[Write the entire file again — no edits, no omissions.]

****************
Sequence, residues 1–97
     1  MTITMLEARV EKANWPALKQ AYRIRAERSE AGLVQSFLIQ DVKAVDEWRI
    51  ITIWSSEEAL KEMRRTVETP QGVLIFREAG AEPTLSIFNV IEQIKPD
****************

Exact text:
Sequence, residues 1–97
     1  MTITMLEARV EKANWPALKQ AYRIRAERSE AGLVQSFLIQ DVKAVDEWRI
    51  ITIWSSEEAL KEMRRTVETP QGVLIFREAG AEPTLSIFNV IEQIKPD